November 16, 2017
November 16, 2017
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Section 118 of the Municipal Systems Act (“MSA”) has been the cause of a lot of concern for home owners as this section is interpreted to enable a municipality to hold a new home owner responsible for the arrear municipal debts of a previous owner.

According to Section 118(1) of the MSA, a property may not be transferred unless a rates clearance certificate has been issued by the municipality where the property is situated. The certificate must certify that all amounts due to the municipality for municipal service fees, surcharges on fees, property rates and other municipal taxes, levies and duties during the two years preceding the date of application for the certificate, have been fully paid.

According to Section 118(3) an amount due for municipal fees is a charge upon the property and enjoys preference over any mortgage bond registered against the property, thereby creating a security provision in favour of the municipality for the payment of the outstanding debts. This means that municipalities would be the first to claim the debt from the proceeds of a property sale, which could result in banks not getting their money back. This would happen when the municipal debt and the amount owed to the bank is larger than the value achieved from the property sale.

No time limit is attached to this provision and it does not matter when the secured debt became due. It can include debts up to 30 years old (for rates, refuse and sewerage charges), including debts of more than one previous owner, all of which are secured through Section 118(3) in favour of the municipality.

This section has caused a controversy in so far as a new (innocent) owner is now held liable for municipal debts older than two years incurred by previous owners, without any prior knowledge that there is arrear debt and that municipalities may hold the new owner responsible for the arrear debt of someone else.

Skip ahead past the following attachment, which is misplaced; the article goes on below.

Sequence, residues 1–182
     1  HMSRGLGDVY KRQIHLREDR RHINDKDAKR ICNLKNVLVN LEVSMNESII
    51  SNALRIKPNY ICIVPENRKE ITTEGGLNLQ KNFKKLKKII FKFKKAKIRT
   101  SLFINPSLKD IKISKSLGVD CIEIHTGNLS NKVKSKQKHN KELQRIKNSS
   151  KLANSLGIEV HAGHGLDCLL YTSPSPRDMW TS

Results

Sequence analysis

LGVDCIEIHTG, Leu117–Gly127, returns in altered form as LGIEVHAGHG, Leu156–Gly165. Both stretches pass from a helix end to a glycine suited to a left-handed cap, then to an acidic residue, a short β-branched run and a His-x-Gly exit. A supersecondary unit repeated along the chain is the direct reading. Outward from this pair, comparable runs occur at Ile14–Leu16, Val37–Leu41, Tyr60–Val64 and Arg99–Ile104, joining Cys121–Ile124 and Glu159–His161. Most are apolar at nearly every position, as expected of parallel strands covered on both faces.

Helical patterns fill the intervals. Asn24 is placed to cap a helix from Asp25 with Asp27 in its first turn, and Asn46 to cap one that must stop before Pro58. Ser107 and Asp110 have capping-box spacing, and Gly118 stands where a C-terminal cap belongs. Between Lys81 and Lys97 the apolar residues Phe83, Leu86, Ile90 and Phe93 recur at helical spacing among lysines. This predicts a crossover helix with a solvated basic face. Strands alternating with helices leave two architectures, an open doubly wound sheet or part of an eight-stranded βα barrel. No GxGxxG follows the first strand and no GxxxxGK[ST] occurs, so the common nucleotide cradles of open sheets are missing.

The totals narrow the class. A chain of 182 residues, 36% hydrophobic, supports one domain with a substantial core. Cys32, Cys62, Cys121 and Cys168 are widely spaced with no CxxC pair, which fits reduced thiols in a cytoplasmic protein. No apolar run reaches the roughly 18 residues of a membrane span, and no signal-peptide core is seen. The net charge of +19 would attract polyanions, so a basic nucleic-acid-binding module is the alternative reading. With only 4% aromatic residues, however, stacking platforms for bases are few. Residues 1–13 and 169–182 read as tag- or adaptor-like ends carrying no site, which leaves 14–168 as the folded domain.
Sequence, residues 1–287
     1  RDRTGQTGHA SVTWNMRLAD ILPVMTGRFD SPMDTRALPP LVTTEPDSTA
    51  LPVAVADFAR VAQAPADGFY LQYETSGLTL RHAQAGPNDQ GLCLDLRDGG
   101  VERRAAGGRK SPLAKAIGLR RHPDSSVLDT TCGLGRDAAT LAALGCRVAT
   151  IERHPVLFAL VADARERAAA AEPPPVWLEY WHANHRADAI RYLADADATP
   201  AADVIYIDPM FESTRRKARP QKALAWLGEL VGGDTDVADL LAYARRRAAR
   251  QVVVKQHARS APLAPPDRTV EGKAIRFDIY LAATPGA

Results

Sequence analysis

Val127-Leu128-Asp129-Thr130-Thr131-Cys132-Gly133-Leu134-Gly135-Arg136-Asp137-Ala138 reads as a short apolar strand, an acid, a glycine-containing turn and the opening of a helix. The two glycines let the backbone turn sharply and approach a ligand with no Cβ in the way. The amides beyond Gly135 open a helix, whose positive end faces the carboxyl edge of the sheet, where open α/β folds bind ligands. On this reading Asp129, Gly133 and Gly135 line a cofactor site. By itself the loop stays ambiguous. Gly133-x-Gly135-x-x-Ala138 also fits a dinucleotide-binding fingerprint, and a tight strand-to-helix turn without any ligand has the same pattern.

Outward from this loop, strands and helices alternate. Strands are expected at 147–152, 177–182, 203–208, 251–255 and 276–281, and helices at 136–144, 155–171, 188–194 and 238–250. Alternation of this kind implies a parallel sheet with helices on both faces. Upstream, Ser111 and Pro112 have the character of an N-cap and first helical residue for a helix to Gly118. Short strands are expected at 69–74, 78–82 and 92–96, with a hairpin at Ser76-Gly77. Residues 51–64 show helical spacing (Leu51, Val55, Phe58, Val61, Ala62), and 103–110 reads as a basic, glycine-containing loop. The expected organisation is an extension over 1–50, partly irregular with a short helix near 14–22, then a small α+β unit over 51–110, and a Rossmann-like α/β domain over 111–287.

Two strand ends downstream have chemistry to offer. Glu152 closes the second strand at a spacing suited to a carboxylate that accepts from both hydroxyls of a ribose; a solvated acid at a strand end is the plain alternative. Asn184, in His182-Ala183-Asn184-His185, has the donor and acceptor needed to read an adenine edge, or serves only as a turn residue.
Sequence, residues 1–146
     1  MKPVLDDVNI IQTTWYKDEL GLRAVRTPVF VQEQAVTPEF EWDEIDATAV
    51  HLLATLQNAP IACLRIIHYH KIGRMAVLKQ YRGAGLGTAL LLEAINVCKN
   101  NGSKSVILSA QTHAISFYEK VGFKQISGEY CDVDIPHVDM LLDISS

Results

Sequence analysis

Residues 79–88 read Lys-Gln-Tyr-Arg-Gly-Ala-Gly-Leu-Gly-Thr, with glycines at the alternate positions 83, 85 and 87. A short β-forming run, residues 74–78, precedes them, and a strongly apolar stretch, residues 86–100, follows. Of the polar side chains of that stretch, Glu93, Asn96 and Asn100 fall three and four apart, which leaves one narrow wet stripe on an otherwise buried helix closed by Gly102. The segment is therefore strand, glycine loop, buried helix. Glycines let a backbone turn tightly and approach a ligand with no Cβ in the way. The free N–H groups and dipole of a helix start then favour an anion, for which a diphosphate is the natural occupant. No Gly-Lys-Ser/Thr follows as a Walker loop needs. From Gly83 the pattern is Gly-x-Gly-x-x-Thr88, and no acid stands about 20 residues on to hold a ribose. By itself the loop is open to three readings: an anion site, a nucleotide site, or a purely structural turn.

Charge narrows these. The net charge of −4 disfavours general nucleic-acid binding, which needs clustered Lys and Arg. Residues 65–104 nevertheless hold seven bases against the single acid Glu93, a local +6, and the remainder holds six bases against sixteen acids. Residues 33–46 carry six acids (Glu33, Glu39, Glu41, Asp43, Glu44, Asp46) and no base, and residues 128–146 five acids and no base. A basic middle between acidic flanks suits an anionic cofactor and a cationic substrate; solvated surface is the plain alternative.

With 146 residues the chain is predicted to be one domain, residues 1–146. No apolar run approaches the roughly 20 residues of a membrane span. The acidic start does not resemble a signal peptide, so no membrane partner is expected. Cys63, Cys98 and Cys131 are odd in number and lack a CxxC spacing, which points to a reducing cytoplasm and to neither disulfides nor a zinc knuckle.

Conversely, a recent Constitutional Court ruling, Jordaan and Others v City of Tshwane Metropolitan Municipality and Others [2017] ZACC 31,  upheld the High Court order that municipal debt charges against a property do not survive transfer of the property and that new home owners will not be penalised for historical municipal debt which has been accumulated by previous owners.

The Constitutional Court in considering whether to confirm the High Court’s declaration of constitutional invalidity, had to determine whether section 118(3), properly interpreted, in fact meant that a new owner takes transfer of a property which remains burdened with the debts a previous owner incurred. The Constitutional Court further had to have due consideration against historical, linguistic and common law factors as well as establishing  what the legislature’s intention with the provision was, plus the need to interpret the section’s compatibly with the Bill of Rights.

Therefore, to avoid unjustified arbitrariness in violation of section 25(1) of the Bill of Rights, the Court held that section 118(3) must be interpreted so that the charge it imposes does not survive transfer to a new owner.

New owners ‘were in no position whatsoever’ to control the indebtedness of their predecessors in title – but municipalities were.

Accordingly, municipalities may no longer hold a property owner liable for a previous owner’s historical municipal debts.

Prepared by:

Ashley Adriaans | Director | Dispute Resolution: Litigation & Arbitration

Dominique Dirks | Candidate Attorney

This article is a general information sheet and should not be used or relied on as legal or other professional advice. No liability can be accepted for any errors or omissions nor for any loss or damage arising from reliance upon any information herein. Always contact your legal adviser for specific and detailed advice. Errors and omissions excepted (E&OE)

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